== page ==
Villagers made a living from agriculture and animal husbandry. Bones found by archaeologists indicate that their most important food was beef, but they also consumed mutton, goat and occasionally pork. The most widely used beasts of burden were horses. They constructed stockades to protect small animals, and built wind shelters.

The most important crops were wheat, rye and millet. Harvested and threshed crops were usually stored in pits. The houses were often surrounded by gardens to grow vegetables, for example cabbage.

Villages were self-sustaining, with craftsmen (potters, smiths, carpenters, etc.) providing all the essential tools for the villagers. Other activities necessary in the life of villages were done by fishermen, shepherds, lumberjacks, etc.

Church

  • church yard
  • cemetery
  • belfry
  • hedge
  • tomb post
  • shingled roof
  • entrance
  • rendered brick wall
  • sanctuary
  • thin windows
  • brick wall
  • vaulting
  • benches
  • balcony
  • flat ceiling

Storage pit

  • clayey soil
  • fired clay interior
  • straw lining
  • 3 - 4.5 tonnes of cereal
  • straw seal
  • clay seal
  • pit roof

Walk

Villages in the Arpad era consisted of irregularly arranged pit houses. There were open ovens and fireplaces, stockades, wind shelters and wells around the houses. The church of the village (if there was one) was located beyond the houses, surrounded by a hedge. Grazing fields and cultivated land bordered the village.

Pit houses were sunk in the ground. Their roofs and gables were supported by the ground. The interior of houses were initially undivided, stairs led inside. There was an oven and sitting pits inside. Furniture consisted of wooden boxes, placed on the ledges - similarly to the beds and other objects.

Animation

Narration

Arpad era settlements can be reconstructed quite accurately from the results of archaeological excavations and written sources. The houses were usually arranged irregularly and far apart, and there were no streets.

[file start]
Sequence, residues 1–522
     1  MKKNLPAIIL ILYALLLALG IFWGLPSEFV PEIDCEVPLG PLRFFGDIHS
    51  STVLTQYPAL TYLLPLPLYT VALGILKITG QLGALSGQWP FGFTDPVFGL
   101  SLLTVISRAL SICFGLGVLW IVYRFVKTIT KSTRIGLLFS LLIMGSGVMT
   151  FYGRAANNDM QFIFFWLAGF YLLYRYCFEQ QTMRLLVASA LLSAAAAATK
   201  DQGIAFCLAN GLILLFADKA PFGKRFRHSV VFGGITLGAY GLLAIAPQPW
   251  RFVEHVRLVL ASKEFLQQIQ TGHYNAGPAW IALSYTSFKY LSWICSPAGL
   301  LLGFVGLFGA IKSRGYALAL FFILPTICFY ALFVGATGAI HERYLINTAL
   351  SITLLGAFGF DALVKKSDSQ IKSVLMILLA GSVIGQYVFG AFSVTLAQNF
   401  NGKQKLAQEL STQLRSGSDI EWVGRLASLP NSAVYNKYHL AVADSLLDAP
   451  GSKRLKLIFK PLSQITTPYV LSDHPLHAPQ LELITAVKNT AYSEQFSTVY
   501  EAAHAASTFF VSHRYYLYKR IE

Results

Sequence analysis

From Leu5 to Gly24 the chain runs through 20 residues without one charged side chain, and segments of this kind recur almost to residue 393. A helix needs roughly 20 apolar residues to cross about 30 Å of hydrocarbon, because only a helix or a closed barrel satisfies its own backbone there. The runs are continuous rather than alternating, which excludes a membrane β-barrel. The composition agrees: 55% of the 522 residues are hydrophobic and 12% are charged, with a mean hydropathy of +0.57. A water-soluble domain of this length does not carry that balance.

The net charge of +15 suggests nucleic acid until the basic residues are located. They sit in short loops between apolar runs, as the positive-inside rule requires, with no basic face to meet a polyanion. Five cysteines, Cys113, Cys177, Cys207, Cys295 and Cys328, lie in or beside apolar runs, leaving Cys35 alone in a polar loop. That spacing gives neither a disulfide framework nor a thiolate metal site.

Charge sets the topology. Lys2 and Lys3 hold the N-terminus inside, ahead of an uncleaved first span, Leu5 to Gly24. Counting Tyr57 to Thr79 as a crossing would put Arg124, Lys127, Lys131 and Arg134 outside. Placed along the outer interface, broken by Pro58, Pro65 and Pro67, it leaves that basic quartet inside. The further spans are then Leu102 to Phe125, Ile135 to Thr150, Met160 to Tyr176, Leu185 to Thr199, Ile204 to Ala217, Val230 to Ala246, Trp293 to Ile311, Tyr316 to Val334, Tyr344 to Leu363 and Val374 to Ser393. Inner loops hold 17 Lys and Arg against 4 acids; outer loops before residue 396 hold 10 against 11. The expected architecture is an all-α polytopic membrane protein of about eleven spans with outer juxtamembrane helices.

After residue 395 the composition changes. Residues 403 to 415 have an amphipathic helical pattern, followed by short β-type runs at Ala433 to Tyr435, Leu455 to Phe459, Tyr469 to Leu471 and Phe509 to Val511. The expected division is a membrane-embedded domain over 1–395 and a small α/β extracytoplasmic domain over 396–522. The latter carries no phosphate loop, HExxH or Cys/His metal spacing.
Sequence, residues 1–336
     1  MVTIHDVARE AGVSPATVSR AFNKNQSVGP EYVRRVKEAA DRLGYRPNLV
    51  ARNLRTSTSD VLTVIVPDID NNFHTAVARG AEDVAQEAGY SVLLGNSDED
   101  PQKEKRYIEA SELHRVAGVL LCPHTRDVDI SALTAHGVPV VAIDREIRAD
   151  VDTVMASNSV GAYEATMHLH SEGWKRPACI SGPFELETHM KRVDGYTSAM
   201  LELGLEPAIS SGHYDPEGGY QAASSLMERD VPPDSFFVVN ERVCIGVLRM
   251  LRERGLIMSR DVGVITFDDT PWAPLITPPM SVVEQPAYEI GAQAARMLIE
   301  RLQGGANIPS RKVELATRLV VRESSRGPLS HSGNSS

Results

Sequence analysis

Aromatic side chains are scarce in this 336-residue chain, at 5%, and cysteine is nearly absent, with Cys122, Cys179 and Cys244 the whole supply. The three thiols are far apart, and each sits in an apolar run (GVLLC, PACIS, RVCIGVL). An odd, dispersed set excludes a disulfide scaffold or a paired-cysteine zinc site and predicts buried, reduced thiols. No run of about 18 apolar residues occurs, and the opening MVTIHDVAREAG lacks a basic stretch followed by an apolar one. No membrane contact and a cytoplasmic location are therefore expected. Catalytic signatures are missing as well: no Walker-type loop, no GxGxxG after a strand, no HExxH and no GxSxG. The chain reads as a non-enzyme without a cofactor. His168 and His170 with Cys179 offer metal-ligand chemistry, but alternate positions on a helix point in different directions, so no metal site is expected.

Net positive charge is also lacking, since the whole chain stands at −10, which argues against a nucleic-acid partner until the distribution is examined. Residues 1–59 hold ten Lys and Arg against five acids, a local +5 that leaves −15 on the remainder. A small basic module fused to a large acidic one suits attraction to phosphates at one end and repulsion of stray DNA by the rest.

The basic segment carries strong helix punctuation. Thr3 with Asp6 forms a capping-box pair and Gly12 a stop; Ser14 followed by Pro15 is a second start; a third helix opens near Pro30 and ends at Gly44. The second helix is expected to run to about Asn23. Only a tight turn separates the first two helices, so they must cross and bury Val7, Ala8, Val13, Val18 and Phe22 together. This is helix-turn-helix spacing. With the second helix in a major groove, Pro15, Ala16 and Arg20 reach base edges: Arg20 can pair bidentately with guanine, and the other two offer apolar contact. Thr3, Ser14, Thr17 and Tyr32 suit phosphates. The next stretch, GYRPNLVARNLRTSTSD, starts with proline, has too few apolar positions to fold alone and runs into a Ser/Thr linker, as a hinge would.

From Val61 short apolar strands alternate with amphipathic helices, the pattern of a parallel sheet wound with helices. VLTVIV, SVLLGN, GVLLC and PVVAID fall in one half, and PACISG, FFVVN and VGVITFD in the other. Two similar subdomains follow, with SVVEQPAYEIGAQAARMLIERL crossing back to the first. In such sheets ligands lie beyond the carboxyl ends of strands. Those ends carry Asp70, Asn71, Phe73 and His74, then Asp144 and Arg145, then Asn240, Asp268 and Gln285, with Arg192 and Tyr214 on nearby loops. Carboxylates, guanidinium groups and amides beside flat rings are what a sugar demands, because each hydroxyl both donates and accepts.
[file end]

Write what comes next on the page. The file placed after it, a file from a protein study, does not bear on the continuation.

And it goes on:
The houses were surrounded by ovens and fireplaces, storage pits, stockades, wind shelters (constructed from wicker and wood) and wells. There might have been small church buildings framed by hedges at the edge of the settlements. Beyond the churches lay fields used for livestock and crops.

Pit houses (sunk houses) were typical of the Arpad era. They were buildings sunk into the ground so that the level of the floor was underground. These buildings usually did not have walls. The roofs (supported by Y-shaped posts and purlins) and pediments were on the ground level. The roofs were covered with straw or thatch, but multi-layered roofs might have been plastered with mud. Pediments were made from wicker or adobe with small holes left as windows.

Pit houses originally only contained one room (these were called putri houses), but later the sleeping areas and cooking areas became separated (those were referred to as burgyé houses). Stairs led from the entrance into the room. An oven (made of stone or clay) and sitting pits were made in the interior. Clothes were stored in wooden boxes, and food in clay pots. Like the beds, these were placed on ledges.